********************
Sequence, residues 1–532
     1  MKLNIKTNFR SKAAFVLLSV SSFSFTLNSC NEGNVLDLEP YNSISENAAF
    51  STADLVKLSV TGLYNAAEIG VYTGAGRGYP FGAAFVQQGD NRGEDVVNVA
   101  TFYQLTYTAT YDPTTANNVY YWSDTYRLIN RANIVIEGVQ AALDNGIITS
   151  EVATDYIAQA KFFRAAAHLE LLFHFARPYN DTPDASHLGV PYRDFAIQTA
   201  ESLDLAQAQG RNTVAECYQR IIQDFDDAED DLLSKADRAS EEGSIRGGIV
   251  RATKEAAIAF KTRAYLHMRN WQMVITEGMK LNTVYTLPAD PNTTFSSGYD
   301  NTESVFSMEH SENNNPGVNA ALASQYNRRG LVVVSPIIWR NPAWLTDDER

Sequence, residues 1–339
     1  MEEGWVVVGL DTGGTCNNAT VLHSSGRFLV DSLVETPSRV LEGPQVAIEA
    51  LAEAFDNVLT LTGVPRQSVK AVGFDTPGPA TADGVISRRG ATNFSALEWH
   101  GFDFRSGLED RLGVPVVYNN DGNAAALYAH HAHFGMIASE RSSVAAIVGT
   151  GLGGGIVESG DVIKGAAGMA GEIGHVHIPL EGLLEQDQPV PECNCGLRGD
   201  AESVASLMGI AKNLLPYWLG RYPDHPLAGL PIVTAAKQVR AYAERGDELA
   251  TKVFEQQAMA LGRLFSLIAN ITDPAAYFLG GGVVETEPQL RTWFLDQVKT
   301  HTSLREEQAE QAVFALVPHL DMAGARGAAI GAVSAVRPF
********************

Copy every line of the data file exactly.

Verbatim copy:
Sequence, residues 1–532
     1  MKLNIKTNFR SKAAFVLLSV SSFSFTLNSC NEGNVLDLEP YNSISENAAF
    51  STADLVKLSV TGLYNAAEIG VYTGAGRGYP FGAAFVQQGD NRGEDVVNVA
   101  TFYQLTYTAT YDPTTANNVY YWSDTYRLIN RANIVIEGVQ AALDNGIITS
   151  EVATDYIAQA KFFRAAAHLE LLFHFARPYN DTPDASHLGV PYRDFAIQTA
   201  ESLDLAQAQG RNTVAECYQR IIQDFDDAED DLLSKADRAS EEGSIRGGIV
   251  RATKEAAIAF KTRAYLHMRN WQMVITEGMK LNTVYTLPAD PNTTFSSGYD
   301  NTESVFSMEH SENNNPGVNA ALASQYNRRG LVVVSPIIWR NPAWLTDDER

Sequence, residues 1–339
     1  MEEGWVVVGL DTGGTCNNAT VLHSSGRFLV DSLVETPSRV LEGPQVAIEA
    51  LAEAFDNVLT LTGVPRQSVK AVGFDTPGPA TADGVISRRG ATNFSALEWH
   101  GFDFRSGLED RLGVPVVYNN DGNAAALYAH HAHFGMIASE RSSVAAIVGT
   151  GLGGGIVESG DVIKGAAGMA GEIGHVHIPL EGLLEQDQPV PECNCGLRGD
   201  AESVASLMGI AKNLLPYWLG RYPDHPLAGL PIVTAAKQVR AYAERGDELA
   251  TKVFEQQAMA LGRLFSLIAN ITDPAAYFLG GGVVETEPQL RTWFLDQVKT
   301  HTSLREEQAE QAVFALVPHL DMAGARGAAI GAVSAVRPF